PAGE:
How To Deal With Contractor Fraud

Contractor FraudOne of the most popular categories of fraud is the Contractor Fraud (also known as Home Building Fraud or Home Renovation Fraud). This term applies to the illegal practice of renovating, reforming, repairing, rebuilding personal property by misrepresentation of services, inflation of costs and project remuneration. It is usually practiced by small firms, or incredulous individuals that guarantee quick repairs for low prices. Generally, those repairs and upgrades are unnecessary, or even harmful for your property.

Do not forget that not all the contractors are con-artists – most of them are honest workers, but still be careful with all the warning signs that we will mention below and make sure you do everything possible to protect your budget and your property.

Let’s start with the fact that insurance fraud can go both ways – either you want to get free money out of the deal using a dishonest behavior or you were just unlucky to comply with a crooked building contractor. Anyway, the subsequent consequences will be unpleasant (i.e. fees, jail time, loss of reputation, etc). Then why is this fraud so popular?

First of all, people always seem to improve, decorate, repair their properties, especially when the weather becomes warmer. Respectively, con-artists play very well with the desire to enhance the quality of our lives. They analyze carefully our never-ending appetite to have the best things almost for free. Let’s prove it with some statistics: according to Echo Research survey, in 2013, 72% of homeowners had their to-do projects for home improvement (planning to spend an amount of $4,000), and approx. 35,000,000 people want to move in the same year (that overcomes the previous year statistics with 50%). The majority plan to do improvement projects for their homes this year (including small repairs, de-cluttering, painting, landscaping, bathroom updating, hiring professionals to stage or clean up, remodeling a single room, new furniture acquisition, updating their appliances, etc.). By any means, con-artists have a strong work background.

Charges and Punishment

A contractor fraud may include: selling and installing faulty parts, taking money for a job that is never done, extorting money in any other way, using poor quality or recycled materials, reporting about unexpected costs. Consequently, the penalties are very subjective, according to the degree of the fraud – restitution, fines, jail time. Everything depends on the seriousness of the offense. In order to define it, we must take into consideration the value of the damaged property, previous convictions and the offender’s intent.

What should I do in order to avoid being a victim?

Contractor FraudAfter a careful research, Better Business Bureau showed that there are several typical scam scenarios that con-artists use, and asking money up front is one of them. Therefore, our first suggestion is not to pay more than 10% of the job total up front. Do not listen to absurd excuses (for example, a cash-emergency designed for some materials, or need to rent Earth-moving equipment). Also, do not forget that even honest home contractors ask for this kind of pre-payment, so just be careful with the amount.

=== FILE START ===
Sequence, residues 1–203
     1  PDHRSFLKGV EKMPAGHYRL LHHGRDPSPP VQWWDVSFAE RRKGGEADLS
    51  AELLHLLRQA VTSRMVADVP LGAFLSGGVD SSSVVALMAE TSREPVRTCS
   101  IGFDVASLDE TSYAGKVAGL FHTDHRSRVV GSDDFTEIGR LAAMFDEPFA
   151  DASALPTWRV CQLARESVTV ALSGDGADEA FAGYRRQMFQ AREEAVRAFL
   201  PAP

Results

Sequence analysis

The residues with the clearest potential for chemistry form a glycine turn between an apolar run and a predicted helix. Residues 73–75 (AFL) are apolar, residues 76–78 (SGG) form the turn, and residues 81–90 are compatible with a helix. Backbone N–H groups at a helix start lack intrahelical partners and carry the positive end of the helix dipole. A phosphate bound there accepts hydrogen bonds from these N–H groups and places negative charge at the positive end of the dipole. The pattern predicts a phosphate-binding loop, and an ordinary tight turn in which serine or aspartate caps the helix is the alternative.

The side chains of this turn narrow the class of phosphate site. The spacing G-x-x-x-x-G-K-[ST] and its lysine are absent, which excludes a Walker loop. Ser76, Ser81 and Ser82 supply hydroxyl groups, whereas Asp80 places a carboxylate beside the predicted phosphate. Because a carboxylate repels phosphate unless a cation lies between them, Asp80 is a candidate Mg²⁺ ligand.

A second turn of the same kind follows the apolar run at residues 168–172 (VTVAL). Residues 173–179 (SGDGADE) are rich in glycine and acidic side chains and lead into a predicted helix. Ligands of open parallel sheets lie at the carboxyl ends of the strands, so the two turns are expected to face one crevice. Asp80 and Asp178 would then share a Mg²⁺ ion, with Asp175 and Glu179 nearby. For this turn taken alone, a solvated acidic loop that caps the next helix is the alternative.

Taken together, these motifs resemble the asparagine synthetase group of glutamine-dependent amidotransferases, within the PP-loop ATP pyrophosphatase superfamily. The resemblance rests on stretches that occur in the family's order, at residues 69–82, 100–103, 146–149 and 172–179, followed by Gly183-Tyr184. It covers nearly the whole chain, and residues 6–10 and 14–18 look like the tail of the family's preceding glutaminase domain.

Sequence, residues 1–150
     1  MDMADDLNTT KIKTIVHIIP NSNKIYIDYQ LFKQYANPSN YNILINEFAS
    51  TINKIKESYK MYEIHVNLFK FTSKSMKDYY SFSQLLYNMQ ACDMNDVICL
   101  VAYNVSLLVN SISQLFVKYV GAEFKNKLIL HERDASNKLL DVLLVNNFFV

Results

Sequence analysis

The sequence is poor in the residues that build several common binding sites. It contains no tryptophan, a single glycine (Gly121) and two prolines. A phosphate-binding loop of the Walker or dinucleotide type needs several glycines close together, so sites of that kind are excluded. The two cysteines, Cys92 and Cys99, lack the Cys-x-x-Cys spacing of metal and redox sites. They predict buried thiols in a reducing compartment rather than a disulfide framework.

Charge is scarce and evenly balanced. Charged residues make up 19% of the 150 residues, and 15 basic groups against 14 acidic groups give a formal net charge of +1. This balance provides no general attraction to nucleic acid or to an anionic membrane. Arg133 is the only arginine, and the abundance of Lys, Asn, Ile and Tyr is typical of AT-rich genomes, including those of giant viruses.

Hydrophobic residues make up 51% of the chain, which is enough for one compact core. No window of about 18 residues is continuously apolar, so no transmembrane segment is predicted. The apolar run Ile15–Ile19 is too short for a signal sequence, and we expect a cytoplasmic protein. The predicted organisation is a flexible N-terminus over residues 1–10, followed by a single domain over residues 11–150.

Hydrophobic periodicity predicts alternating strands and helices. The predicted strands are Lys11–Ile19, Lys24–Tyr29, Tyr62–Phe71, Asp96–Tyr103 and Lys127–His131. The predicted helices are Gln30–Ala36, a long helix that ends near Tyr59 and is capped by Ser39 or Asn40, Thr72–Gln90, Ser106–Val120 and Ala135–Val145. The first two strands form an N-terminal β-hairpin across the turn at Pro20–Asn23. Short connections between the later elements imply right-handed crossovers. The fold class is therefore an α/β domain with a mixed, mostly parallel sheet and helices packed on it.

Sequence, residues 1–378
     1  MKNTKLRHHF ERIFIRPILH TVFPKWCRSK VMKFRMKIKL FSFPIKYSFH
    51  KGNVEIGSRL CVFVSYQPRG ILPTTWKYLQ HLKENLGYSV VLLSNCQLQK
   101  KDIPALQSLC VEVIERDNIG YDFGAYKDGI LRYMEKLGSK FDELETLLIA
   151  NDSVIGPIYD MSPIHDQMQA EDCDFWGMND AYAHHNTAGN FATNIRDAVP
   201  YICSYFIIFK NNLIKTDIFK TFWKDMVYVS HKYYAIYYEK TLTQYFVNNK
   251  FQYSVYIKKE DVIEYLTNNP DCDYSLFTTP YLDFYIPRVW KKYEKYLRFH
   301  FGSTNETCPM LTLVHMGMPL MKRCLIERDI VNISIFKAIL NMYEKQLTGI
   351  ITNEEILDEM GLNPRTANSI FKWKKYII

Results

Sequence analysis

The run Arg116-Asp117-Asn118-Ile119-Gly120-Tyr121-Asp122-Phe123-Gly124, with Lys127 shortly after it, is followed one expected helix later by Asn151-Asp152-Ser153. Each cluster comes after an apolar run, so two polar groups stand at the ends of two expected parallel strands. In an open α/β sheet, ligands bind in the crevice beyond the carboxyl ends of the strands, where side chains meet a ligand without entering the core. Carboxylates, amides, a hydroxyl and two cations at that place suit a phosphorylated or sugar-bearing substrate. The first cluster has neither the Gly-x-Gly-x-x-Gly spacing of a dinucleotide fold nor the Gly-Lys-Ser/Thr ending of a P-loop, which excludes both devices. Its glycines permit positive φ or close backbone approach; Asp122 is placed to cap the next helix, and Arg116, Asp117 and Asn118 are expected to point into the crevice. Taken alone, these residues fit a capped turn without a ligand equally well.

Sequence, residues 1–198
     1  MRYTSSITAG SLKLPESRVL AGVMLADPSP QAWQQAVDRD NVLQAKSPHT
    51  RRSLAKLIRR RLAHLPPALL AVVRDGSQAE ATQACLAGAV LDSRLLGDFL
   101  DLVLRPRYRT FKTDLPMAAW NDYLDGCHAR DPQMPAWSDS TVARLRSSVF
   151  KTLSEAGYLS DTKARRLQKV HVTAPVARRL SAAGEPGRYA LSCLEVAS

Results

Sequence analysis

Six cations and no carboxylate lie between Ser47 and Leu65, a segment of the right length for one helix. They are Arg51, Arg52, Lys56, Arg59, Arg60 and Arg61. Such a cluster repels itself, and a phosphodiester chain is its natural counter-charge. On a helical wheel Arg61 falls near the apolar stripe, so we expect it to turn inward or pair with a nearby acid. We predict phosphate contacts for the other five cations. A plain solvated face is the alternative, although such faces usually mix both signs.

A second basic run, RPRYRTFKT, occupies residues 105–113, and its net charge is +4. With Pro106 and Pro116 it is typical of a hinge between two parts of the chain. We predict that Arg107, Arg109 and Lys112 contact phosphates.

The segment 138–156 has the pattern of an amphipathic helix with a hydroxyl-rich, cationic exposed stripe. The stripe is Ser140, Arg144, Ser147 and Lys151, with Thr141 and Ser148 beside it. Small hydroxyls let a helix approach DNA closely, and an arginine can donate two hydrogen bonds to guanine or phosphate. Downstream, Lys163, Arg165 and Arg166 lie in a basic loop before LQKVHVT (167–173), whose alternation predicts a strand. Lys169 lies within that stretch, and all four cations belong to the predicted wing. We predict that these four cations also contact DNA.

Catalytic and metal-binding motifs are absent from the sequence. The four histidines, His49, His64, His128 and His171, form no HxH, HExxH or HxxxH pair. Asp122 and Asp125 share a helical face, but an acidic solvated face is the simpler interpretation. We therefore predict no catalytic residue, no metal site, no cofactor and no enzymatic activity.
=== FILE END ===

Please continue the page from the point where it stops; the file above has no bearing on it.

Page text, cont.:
Another dishonest way to get money off you is reporting “out-of-nowhere” problems that require upon-prize investment. Sometimes, occurred issues are veritable enough, but it is better for you to draw up the best agreement that will include different work descriptions for a fixed price for anything that might arise in the process. Moreover, your worker might propose you extra materials for a low price - this is one of potential fraud indicators. Work out the details. A crooked building contractor might insist that he does not need to pull a permit, but remember that you need to have a permission for any significant construction project. So in order to avoid potential harm and to protect your property and your budget – always ask for a building permit.

One of the home improvement scams wears the guise of a “traveler”, which means that an individual goes from door to door, saying that they just finished some work for your neighbors and proposes you to contribute on your potential project. They can be very creative so don’t get fooled by a kind smile, and consider hiring professionals, it will cost you less in perspective. If the proposed deal isn’t very detailed – it is a warning sign.

One of the most important advice you can take is – do not take constructors’ words at face value, even if they look like very trustworthy individuals. Don’t hesitate to draw up contracts, agreements, or other kinds of documents. Get everything in writing so it will assure your financial safety. Scrutinize anyone who is providing construction service for you. In other words – do your research and don’t be shy, because con-artists know very well their job.

Legal-Bistro: Find out how to get your best contractor fraud case. Either you are charged of this fraud, or you are a victim of a con-artist, go to legal-bistro and search for the best solution. All you have to do is click here, create an account and describe your case.

Note: You remain anonymous until you decide to reveal your identity to the lawyer you have chosen, and it’s absolutely free for consumers so you have nothing to lose!


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